Victoria signalled there’s a large majority on council that will support the Harris Green Village project, mainly because of the needed rentals the two-block transformation will bring.
The Starlight Developments project looks to add almost 1,600 rental units, of which 80 would meet the city’s affordable standard, ranging from studios to three-bedroom townhomes within a boundary encompassing Yates, View, Quadra and Cook streets.
Eight of the nine council members said at the Thursday (Feb. 16) meeting that they will vote in favour of the proposal, which only has a small procedural hurdle left. The final reading of the project’s rezoning and community plan amendments has been approved, leaving only a legal agreement outlining amenities the developer will have to provide before the final adoption vote.
Aside from the large influx of rentals, the proposal will include a half-acre park, several public plazas, a daycare, community space that will be rented to the city for free, plus restaurants and commercial spaces that will hopefully retain some of the sites’ current businesses, such as Market On Yates and London Drugs.
The three-phased construction period will start with the 1045 Yates St. property that used to house a car dealership beside two other residential towers.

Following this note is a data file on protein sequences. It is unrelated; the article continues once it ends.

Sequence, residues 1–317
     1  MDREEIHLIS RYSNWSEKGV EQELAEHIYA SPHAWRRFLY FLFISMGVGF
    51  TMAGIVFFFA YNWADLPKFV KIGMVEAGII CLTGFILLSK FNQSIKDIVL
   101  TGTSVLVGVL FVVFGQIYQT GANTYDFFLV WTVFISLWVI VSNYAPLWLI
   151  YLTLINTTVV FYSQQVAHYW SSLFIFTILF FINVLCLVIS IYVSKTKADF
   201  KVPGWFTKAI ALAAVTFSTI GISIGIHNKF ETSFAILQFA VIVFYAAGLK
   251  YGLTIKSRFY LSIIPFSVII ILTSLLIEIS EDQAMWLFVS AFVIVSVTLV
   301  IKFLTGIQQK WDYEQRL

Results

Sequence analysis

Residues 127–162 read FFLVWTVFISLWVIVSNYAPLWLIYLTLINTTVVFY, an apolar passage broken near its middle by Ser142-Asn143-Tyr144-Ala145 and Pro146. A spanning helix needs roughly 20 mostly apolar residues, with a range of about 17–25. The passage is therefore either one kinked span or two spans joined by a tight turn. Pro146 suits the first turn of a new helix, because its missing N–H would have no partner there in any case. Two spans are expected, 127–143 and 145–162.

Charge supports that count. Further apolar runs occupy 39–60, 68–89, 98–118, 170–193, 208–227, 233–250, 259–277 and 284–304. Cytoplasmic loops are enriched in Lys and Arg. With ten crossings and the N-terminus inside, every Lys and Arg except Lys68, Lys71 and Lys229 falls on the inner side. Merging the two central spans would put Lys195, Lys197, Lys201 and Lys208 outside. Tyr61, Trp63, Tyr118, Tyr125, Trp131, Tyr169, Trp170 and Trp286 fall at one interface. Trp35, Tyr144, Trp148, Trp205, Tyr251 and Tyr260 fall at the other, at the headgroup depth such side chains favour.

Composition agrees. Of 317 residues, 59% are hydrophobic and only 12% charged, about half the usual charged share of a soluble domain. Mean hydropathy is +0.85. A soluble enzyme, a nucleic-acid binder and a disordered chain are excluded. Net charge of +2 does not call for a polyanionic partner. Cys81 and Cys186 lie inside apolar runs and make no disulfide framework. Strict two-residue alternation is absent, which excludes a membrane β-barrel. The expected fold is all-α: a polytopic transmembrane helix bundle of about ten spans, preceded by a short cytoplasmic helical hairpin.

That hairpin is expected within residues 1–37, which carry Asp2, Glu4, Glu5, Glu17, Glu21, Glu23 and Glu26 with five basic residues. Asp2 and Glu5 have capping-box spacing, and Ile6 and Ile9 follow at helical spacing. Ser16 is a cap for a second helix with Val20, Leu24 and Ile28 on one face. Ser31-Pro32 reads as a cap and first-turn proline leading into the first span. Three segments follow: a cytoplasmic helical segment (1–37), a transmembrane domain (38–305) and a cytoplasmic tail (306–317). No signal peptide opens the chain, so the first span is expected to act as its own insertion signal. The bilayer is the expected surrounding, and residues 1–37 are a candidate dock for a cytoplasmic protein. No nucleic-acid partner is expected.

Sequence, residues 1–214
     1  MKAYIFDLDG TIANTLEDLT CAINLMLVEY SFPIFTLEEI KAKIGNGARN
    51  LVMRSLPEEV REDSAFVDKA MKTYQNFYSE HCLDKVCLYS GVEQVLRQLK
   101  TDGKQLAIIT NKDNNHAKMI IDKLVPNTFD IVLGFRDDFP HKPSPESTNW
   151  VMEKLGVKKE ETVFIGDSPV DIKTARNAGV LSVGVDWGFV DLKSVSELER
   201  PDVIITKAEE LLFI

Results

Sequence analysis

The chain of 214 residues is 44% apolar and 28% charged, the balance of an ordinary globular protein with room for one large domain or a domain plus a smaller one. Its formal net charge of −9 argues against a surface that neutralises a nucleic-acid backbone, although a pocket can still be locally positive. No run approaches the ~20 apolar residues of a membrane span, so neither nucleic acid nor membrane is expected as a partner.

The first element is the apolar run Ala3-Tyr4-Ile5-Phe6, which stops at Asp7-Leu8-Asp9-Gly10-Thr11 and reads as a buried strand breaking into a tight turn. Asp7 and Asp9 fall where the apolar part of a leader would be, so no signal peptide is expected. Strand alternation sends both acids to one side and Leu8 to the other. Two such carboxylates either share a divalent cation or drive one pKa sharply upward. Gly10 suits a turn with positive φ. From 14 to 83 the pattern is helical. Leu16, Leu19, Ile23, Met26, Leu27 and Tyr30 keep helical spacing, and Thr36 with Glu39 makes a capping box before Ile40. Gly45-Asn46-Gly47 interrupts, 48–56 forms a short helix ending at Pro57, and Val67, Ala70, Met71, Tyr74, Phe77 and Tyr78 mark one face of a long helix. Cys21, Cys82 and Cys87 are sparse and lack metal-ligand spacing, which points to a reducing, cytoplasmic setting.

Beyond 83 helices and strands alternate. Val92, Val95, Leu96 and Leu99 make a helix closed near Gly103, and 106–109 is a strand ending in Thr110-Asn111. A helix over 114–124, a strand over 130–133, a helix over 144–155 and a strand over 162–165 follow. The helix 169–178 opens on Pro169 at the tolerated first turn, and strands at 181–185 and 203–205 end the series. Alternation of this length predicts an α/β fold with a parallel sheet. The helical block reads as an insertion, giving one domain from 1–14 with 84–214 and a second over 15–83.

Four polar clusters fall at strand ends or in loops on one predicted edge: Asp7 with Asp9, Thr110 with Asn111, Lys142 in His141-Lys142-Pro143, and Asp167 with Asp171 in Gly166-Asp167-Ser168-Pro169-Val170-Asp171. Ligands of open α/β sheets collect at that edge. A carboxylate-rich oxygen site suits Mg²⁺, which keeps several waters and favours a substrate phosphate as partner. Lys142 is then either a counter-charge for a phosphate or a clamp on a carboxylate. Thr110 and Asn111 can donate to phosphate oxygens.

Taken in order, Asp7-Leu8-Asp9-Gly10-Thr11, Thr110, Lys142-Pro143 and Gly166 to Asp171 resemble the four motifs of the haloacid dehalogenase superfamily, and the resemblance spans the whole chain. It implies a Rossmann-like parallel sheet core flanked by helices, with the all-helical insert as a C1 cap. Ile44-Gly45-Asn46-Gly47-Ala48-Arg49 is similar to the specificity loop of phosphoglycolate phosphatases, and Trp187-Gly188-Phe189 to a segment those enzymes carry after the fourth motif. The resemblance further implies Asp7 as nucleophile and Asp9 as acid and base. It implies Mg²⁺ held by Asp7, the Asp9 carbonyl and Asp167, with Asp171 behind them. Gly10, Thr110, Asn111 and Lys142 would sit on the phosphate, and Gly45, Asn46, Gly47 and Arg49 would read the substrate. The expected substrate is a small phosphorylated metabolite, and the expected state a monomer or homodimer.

Mayor Marianne Alto said although the project will be phased likely over the next decade, it’s a rare opportunity to approve such a large amount of necessary housing all at once.
“It’s about the intentional transformation of Victoria into a city,” she said. “This will be a showpiece for the city.”
Several councillors wished the current table would have been guiding the project from the start, rather than being left with the decision after the last council presided over the initial plan revisions. The members approved several amendments, which were responsible for the legal agreement tweaks, to the project.
Those potential changes – contingent on whether Starlight can accommodate them – include the buildings using only electrical systems in phases two and three, which will redevelop between Vancouver and Quadra streets.
The amendments also look to lower the share of overall parking per unit, boosting bike parking to 2,500 spaces and having Starlight provide new tenants without cars optional three-month bus passes.
The developer said Harris Green’s walkability and other sustainable transportation options were a major aspect of their proposal.
Councillors said the units would be key to addressing the city’s too-low vacancy rate and they would represent a big chunk of the needed purpose-built rentals. Councillors cited the comments from the public hearing and the messages they’re flooded with around people saying they’re living in unsuitable situations, if they’ve been lucky enough to obtain housing.
Several mentioned the pleas from housing-desperate students, with Coun. Chris Coleman saying the city’s objective should be to capture and retain students and the economic and cultural vibrancy they add.
Some concerns remained about the proposed heights and added density, but councillors were encouraged by the economic benefits for local businesses and revitalizing underused space near downtown.
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